February 2014 Newsletter

Happy 2014 to all AHPT Members!

We are looking forward to a new year with new ideas and more active membership.

The CAA Annual Conference in Chicago is one week away! AHPT will be hosting an exciting session on Friday morning (2/14) from 7:30-9. Entitled Visual Histories in Virtual Spaces: Engaging Students Through Technology (chaired Judy Bullington, from Belmont University) this session will feature two mini sessions addressing new technologies and online learning environments that create an opportunity for a conceptual rethinking of the way that students learn the histories of art. First we will hear about three projects from Thomas Tucker, Dominic Marner, and Ronald Hawker highlighting their instructional work that involves the re-creation of historical sites with augmented reality. Second, Onur Öztürk and Amy Mooney will present on their work in teaching the Introduction to visual culture and how the management of collections of visual media are managed in a virtual environment. Following the presentations there will be an interactive panel discussion for audience participants.

Our business session will be held on Friday as well, at 12:30. During this session we will continue with follow-up discussion from the morning panels, and discussion business agenda items.

New items are being added to our website! Sarah will be contributing short posts entitled ‘Webmaster’s Blog.’ We are also asking members to contribute short posts regarding projects they are working on, or interesting projects they have learned about; please contact Sarah if you would like to be featured in our ‘Member’s Blog’. You should also see some new RSS feeds from websites we think might be helpful to our membership!

Membership Drive: While we have not been charging membership dues in the past year, AHPT does have annual expenses, including web hosting fees and CAA affiliate dues. In order to cover these we are asking members to donate a minimum $5.00 contribution. You can simply go the ‘AHPT Members’ dropdown and click on the Membership Options page to make a contribution via PayPal. Any and all contributions will be appreciated and will allow us to continue to have a presence at the annual meeting of the College Art Association. Thank you!

Please consider coming to the business meeting to discuss the Society’s future, share ideas, and/or offer your idea for the Members Blog! If you are interested, but will not make the session, feel free to contact Sarah or Marjorie via email. And, as always, contact us with any ideas you may have, and be sure to take a look at the website (http://ahpt.us/)!

Hope to see you in Chicago!

The AHPT-sponsored session at SECAC this year (October 31-November 2) was “Plays Well with Others: Art Historians Collaborations, Intersections, and Networks, “ co-chaired by Rhonda Reymond (West Virginia University) and Marjorie Och (University of Mary Washington). Elizabeth Baltes (Ph.D. candidate in Greek Art and Archaeology at Duke University) presented “Three Art Historians, a Computer Scientist, and a Computer Artist Walk into a Classroom.” As Elizabeth explained, “The Wired! Group at Duke University began with an experimental course in the spring of 2009: five instructors, nine students, and a series of questions. How do we teach technology in the humanities? Which technologies will be most helpful in answering the kinds of questions art historians want to ask? How do we utilize digital technologies in a meaningful way, both in the classroom, and in our own research? How do we build and sustain inter-departmental and inter-institutional collaboration? Four years and several courses later, the Wired! Group is still exploring and refining the answers to many of these questions, but collaboration remains at the core of what we do and how we do it. ” Catherine Dossin (assistant professor of art history, Purdue University) presented “The ARTL@S Project: Towards a Spatial (Digital) Art History.” Catherine describes ARTL@S as “an international, multidisciplinary project that promotes spatialization as a method of investigation and the anchor of an innovative, analytical approach. It relies on the spatial (digital) method to identify new sites of investigation, uncover unseen patterns of artistic circulation and distribution, open up different dialogues with artwork, dissolve the boundaries between art history and other disciplines, and rethink scholarship through a focus on learning by sharing. As such, it participates in the redefinition of the discipline of art history by embracing the theories and methods of the spatial, global, and digital turns that have challenged humanities over the past decades.” For more information, visit www.artl@s.ens.fr And Marjorie Och presented “Seeing students as a community of thinkers,” and shared with the attendees her work developing online exhibits in 400-level seminars. Her experience has been that “in presenting their work online as a collaborative project, students quickly discover that their audience is as open as the internet. A seminar of individuals becomes an exhibit team and a community of thinkers where no single project stands alone. “ In 2014, SECAC is meeting in Sarasota, Florida (October 8-11), and we will again have a sponsored session. Hope to see you there!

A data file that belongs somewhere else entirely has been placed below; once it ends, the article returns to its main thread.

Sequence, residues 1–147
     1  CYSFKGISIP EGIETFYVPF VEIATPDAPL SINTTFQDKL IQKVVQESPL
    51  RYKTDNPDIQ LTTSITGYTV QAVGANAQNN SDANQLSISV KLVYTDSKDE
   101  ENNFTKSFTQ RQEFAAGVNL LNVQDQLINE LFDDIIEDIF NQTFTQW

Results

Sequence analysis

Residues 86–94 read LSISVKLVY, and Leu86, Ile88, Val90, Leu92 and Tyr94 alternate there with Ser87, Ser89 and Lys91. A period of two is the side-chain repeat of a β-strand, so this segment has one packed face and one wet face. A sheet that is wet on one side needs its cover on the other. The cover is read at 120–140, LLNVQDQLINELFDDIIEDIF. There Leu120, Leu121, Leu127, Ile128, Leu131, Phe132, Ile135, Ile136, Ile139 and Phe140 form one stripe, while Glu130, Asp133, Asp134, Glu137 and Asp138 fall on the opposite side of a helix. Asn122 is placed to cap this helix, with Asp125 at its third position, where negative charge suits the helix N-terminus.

-Marjorie and Sarah.

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